Amplifying youth expertise in cannabis and mental health education
While rates of use among youth have not changed dramatically since legalization, research is highlighting the ongoing need for effective, evidence-based, and engaging cannabis education.
There are increasing concerns about the adverse effects of cannabis use on young people’s physical and mental health. Early and frequent cannabis use has long-term implications for outcomes in young adulthood. That’s why the Schizophrenia Society of Canada took action, collaborating with YouthREX, the Mental Health Commission of Canada, and working with young people across the country and created the Cannabis and Mental Health project. This is an online course designed to provide young people with knowledge and skills to better understand and navigate their own relationship with cannabis and mental health.
The work is led by the Youth Action Committee (YAC), consisting of 14 youth action committee members, 4 strategic advisors, 4 scientific advisors, as well as the leadership team, each with their own specific roles. The project is based on empowerment, choice, and by and for youth created content. The YAC meets bi-monthly to discuss evaluation, emerging research, cannabis education, and knowledge mobilization. The Cannabis and Mental Health Project (C+MHP) strives to take cannabis education beyond the “just say no” rhetoric by providing an extensive understanding of the positive, negative, and neutral factors on cannabis.
The course provides engaging evidence-based knowledge on the connections between mental health and cannabis consumption. Throughout its 4 modules, it addresses the impacts of legislation, understanding one’s choice to consume cannabis, harm reduction approaches, as well as the endocannabinoid system as a whole. The mentor guide provides resources and information for educators, parents, and allies to support individuals in their mental health and cannabis journeys. The guide provides tips, tricks, and resources for those working with underage youth ages 12-19, age varies on province. It addresses managing stress by maintaining a balanced life and the promotion and development of critical problem-solving skills and decision-making. The project takes an anti-oppression approach, and commits to representing the diverse experiences of young people and the impact of criminalization and legalization on diverse communities. It highlights the importance of scientific accuracy, inclusion and the importance of destigmatizing and harm reduction approaches to substance use and mental health education.”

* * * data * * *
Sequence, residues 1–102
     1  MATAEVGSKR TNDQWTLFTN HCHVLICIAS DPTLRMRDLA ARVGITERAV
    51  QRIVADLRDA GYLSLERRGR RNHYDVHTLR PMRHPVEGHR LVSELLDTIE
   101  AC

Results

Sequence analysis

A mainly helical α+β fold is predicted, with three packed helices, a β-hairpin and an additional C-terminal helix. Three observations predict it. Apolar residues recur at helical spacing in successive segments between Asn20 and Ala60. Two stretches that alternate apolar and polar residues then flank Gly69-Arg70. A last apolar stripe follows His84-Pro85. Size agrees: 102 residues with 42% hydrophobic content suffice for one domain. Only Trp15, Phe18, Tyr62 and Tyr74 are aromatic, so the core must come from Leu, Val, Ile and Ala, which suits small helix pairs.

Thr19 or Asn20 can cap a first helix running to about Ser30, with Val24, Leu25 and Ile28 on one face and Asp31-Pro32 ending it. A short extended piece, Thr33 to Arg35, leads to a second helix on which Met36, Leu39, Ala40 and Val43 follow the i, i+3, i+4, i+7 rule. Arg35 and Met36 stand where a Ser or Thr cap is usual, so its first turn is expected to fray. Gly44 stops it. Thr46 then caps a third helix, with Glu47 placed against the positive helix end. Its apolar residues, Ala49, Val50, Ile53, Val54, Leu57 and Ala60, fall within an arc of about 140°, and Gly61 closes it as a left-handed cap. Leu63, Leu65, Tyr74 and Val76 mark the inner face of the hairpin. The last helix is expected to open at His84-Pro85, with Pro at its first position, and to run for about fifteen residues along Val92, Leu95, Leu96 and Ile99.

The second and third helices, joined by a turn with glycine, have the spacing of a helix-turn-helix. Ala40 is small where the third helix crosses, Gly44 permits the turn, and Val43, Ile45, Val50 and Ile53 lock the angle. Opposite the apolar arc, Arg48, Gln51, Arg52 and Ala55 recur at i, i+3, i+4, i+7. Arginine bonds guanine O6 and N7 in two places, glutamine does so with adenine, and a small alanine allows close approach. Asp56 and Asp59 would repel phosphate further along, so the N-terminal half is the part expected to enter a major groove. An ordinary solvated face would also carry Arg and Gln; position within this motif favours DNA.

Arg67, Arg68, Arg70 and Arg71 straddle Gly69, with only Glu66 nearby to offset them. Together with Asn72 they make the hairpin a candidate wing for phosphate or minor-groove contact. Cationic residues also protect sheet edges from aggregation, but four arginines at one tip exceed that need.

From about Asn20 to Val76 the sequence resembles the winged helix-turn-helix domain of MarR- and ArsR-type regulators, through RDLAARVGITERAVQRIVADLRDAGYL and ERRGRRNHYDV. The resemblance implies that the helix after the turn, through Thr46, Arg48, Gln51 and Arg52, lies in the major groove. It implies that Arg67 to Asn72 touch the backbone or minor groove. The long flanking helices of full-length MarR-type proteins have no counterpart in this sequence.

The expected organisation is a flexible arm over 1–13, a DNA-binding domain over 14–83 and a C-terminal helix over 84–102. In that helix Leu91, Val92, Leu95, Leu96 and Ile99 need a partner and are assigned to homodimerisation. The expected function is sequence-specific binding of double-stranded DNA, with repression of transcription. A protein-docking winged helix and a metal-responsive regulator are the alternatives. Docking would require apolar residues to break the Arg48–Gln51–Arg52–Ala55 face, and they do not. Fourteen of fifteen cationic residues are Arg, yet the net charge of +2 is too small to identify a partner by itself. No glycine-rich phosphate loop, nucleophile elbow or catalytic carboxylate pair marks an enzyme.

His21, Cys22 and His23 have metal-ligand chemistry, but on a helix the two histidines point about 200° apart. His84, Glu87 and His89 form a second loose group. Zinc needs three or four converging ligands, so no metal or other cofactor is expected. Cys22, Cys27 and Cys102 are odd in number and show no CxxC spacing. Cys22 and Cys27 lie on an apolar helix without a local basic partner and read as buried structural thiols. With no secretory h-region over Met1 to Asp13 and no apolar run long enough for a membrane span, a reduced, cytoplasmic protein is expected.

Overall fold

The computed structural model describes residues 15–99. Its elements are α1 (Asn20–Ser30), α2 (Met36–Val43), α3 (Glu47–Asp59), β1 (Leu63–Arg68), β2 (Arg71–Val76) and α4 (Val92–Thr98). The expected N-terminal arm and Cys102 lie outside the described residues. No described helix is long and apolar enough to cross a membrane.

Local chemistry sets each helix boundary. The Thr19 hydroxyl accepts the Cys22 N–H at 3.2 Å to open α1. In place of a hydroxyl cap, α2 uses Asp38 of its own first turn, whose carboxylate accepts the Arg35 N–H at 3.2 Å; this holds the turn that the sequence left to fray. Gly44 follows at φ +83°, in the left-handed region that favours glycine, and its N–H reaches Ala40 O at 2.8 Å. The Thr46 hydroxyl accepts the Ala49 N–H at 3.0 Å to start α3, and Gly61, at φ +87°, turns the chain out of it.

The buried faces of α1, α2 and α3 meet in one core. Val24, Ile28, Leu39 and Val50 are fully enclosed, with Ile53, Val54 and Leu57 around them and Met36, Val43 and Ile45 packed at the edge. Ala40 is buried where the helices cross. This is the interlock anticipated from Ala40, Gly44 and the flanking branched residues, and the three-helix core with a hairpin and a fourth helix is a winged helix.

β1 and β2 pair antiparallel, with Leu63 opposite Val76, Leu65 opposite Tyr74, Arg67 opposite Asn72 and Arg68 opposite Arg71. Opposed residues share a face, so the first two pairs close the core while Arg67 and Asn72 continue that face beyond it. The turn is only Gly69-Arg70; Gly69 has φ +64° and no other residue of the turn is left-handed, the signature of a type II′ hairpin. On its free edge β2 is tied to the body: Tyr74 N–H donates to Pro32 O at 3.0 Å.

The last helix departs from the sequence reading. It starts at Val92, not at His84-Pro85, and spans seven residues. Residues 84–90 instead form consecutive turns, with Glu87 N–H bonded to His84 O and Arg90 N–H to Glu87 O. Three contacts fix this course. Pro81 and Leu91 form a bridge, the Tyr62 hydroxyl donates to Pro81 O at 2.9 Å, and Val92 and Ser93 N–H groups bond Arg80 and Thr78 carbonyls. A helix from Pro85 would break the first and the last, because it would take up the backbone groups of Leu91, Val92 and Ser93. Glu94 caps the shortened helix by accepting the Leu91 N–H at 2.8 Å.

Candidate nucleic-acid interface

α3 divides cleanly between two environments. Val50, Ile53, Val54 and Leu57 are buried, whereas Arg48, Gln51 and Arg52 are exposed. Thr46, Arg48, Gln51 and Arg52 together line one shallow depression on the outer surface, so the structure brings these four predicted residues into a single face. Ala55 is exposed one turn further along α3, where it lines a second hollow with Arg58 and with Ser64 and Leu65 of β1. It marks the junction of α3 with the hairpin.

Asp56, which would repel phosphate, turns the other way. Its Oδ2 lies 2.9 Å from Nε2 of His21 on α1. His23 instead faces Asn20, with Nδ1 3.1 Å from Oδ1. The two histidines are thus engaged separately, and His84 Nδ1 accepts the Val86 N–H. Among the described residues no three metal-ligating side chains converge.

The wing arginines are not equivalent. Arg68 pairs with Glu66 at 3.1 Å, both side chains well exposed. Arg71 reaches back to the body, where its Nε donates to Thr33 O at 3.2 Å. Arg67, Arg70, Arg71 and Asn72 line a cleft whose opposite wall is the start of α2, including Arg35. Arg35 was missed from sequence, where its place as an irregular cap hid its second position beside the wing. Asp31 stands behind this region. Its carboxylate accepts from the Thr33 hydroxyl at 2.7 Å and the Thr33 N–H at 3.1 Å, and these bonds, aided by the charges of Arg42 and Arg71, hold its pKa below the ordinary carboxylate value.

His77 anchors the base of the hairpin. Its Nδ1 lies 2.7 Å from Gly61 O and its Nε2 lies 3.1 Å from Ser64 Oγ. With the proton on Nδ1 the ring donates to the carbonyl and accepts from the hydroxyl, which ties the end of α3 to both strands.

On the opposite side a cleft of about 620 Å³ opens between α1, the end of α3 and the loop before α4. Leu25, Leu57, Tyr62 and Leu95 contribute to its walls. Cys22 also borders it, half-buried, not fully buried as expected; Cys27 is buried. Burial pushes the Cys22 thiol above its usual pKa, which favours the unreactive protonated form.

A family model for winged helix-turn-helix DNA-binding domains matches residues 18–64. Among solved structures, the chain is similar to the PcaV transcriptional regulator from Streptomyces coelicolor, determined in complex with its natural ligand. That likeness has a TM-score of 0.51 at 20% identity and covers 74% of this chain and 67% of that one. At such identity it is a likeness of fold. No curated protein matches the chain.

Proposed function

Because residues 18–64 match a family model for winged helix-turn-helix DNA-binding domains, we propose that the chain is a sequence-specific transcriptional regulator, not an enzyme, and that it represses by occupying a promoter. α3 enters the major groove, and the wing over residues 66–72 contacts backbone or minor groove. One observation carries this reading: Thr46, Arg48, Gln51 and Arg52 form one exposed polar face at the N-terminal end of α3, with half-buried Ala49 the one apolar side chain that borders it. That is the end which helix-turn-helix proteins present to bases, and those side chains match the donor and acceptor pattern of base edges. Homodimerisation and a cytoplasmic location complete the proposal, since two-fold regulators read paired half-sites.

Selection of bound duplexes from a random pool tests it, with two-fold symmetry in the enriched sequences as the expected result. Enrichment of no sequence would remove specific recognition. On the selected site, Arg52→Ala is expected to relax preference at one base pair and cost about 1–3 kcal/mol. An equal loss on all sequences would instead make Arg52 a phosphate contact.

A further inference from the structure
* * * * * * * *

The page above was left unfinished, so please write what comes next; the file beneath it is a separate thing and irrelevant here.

According to Connor Lafortune, Indigenous Advisor for the project, “the Cannabis and Mental Health course aims to assess the needs of those existing in the margins. The project takes a strength-based approach and prioritizes the needs of specific communities while uplifting the voices of those that may be at more elevated risk of erasure and exclusion.”
Since May of 2022 we have had over 1600 youth across the country enroll in the Cannabis and Mental Health Course. So far we are seeing a 60% completion rate of the course and have received incredible feedback from our YAC, our Teen Advisory Committee, and our engagement with York University Global Health Students. Our course has been well received by young people and their allies. Here from youth we worked closely during the development of the Cannabis and Mental Health Course. Hana, Teen Advisory Committee Members shares her perspective on the course, “This project is relevant to so many people because cannabis has become a common drug that is used by a decent amount of my peers. Young people should be aware of the risks, especially teens who are in environments where they might feel pressured to do it and have struggling mental health.”
Though the course is our main resource we have found other means of engaging with young people through our social media, youtube channels, working with practicum students and doing workshops for secondary and post-secondary students. The project prides itself on highlighting new and prevailing research on mental health, cannabis, and its many intersections. Our project’s social media includes “Research Roundups,” where articles are reviewed, discussed, and posted to keep young people informed about emerging research on mental health and cannabis.
The Cannabis and Mental Health Project hosts recurring “Ask the Experts” where virtual panels are created to discuss hot topics such as “ What if Weed Made you Sick?” (June, 2023), “Effective Cannabis Education” (November, 2021), and “Queer and Gender Diverse Perspectives on Cannabis” (June, 2021). The panels typically consist of experts such as health care providers, and individuals with lived and living experience. The next Ask the Experts will discuss “Pregnancy and Chest/ Breast Feeding” and a series on “Polysubstance Use.” All of the Ask the Experts can be found on our website or youtube.
The YAC has created a series of short video clips that have been circulating on social media in order to bring attention to the larger conversations around cannabis such as reconciliation in Indigenous communities, the overwhelming prevalence of incarceration for racialized communities, and the cultural differences between cannabis consumption, education, and media coverage.
The Cannabis and Mental Health Project is currently in the process of creating fun and interactive workshops that will discuss cannabis, mental health and everything in between. These workshops will thereafter be promoted and facilitated virtually in secondary and post-secondary schools, community centers, Indigenous communities, youth groups and more. Please reach out to us If you are interested in having our team present to youth in your community.
Connor Lafortune, Indigenous Strategic Advisor and Kiah Ellis-Durity, Project Facilitator, Cannabis and Mental Health Project.